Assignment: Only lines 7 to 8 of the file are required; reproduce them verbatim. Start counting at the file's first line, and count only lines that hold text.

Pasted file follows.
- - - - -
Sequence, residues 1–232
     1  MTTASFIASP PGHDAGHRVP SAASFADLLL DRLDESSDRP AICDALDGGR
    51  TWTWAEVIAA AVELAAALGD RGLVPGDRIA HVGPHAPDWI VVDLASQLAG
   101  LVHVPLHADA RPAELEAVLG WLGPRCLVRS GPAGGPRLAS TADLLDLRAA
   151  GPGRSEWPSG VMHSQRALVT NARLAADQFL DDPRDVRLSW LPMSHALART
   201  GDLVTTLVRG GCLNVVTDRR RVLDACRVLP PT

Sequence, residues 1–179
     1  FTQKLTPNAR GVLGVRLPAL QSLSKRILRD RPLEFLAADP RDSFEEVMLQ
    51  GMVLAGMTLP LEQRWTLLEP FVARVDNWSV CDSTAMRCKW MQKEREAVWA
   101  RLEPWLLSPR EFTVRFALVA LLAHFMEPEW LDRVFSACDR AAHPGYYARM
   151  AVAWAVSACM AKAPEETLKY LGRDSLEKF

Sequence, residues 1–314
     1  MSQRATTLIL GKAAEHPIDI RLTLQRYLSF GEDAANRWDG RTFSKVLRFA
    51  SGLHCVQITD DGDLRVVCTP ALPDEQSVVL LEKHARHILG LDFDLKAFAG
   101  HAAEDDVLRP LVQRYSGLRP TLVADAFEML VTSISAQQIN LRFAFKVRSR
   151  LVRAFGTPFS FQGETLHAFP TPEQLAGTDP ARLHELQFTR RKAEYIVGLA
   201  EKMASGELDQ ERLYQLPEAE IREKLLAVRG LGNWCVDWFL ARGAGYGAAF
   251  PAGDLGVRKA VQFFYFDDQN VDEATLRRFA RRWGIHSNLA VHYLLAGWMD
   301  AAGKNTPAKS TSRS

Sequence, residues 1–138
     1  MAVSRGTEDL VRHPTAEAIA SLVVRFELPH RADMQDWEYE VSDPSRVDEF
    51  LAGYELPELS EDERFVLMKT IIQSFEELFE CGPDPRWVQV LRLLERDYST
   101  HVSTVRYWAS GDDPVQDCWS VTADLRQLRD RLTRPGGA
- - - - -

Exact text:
Sequence, residues 1–179
     1  FTQKLTPNAR GVLGVRLPAL QSLSKRILRD RPLEFLAADP RDSFEEVMLQ